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A Guide to Slowing Down Aging (Part 2)

The High Tech Approach To Living Longer

By Willie WunPublished 3 months ago 8 min read
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Aside from the low-tech approaches mentioned in Part 1, which include healthy nutrition, exercise, and a variety of other lifestyle changes, many researchers all over the world are developing innovative therapies that can significantly slow down and even moderately roll back aging.

The idea that aging is the root cause of all aging-related diseases like heart disease, Alzheimer's disease, osteoporosis, and macular degeneration is gaining ground. People are realizing – and science is proving – that tackling aging addresses the root cause of all of these diseases. Managing aging would necessitate far more effective and improved treatments to prevent, slow, or even reverse aging-related diseases.

Consider heart diseases. Imagine if we could successfully treat and prevent all heart diseases and heart attacks, your average lifespan increases only by 2.9 years!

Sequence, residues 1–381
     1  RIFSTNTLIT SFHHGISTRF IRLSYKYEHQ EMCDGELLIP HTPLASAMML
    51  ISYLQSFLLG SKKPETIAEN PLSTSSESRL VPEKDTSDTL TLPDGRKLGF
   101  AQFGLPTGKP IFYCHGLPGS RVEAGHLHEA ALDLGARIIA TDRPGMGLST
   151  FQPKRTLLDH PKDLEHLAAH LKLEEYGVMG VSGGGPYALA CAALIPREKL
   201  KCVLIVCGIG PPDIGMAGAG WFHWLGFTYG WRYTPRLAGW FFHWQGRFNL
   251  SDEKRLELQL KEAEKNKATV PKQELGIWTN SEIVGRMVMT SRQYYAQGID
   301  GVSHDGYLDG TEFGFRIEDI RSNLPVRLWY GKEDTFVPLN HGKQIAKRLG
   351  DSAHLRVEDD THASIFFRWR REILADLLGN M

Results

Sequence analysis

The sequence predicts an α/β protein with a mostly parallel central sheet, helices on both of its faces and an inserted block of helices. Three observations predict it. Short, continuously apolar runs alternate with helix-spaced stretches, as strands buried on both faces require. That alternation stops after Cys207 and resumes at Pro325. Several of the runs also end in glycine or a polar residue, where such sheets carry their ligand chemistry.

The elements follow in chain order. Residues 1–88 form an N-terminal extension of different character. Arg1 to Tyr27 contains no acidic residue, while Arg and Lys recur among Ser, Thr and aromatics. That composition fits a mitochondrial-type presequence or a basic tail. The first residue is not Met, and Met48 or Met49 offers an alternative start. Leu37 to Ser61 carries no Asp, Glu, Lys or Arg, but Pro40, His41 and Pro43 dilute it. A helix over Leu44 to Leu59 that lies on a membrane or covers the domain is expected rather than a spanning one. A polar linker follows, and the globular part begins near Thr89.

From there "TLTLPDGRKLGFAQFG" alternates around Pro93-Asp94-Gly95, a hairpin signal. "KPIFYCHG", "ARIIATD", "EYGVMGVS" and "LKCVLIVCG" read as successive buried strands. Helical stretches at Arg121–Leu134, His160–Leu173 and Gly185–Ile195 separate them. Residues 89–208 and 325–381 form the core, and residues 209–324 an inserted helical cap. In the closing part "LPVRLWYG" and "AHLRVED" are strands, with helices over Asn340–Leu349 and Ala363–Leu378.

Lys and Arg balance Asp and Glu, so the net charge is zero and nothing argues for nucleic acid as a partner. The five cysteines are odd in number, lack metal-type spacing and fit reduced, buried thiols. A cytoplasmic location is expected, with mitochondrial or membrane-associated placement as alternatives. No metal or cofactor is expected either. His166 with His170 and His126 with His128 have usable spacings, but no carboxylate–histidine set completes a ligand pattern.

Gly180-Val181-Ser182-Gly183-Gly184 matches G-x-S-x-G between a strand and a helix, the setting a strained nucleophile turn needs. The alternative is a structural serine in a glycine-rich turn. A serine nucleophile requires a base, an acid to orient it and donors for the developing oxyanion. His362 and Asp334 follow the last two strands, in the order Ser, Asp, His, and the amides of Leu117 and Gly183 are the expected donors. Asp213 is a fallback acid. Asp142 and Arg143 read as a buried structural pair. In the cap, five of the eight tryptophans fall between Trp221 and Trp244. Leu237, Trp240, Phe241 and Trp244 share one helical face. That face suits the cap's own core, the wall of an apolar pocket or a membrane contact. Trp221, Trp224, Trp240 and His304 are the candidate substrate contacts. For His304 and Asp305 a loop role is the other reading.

That is not much. People would die from another aging-related disease rather than heart disease a few years later. As a result, rather than focusing on specific diseases, it is crucial to concentrate on aging.

Heart disease is an excellent illustration of why treating the causes of aging rather than the disease itself is far beneficial. Many doctors will tell you that heart disease is caused by cholesterol buildup and inflammation in the blood vessel walls. They will state specifically that white blood cells stuffed with cholesterol accumulate in blood vessel walls causes artery narrowing.

However, these processes are caused by underlying aging mechanisms. Because white blood cells' lysosomes are incapable of properly breaking down cholesterol, it accumulates. Lysosomal dysfunction is an aging symptom.

Many other mechanisms contribute to atherosclerosis, such as senescent cells in the blood vessel walls, dysfunctional stem cells in the blood vessel walls, and other cells damaged by mitochondrial dysfunction, protein accumulation, cross-linking, epigenetic dysregulation, and so on. All of these are aging mechanisms that contribute to atherosclerosis and other age-related diseases.

What are some of the technologies aimed at slowing or even reversing the aging process?

Mitochondrial renewal

Mitochondria are our cells' powerhouses. As we age, they become more dysfunctional, contributing to the aging process.

The deterioration of mitochondrial DNA is a major cause of mitochondrial dysfunction. This is worrisome because mitochondrial DNA contains blueprints for the construction and maintenance of mitochondria.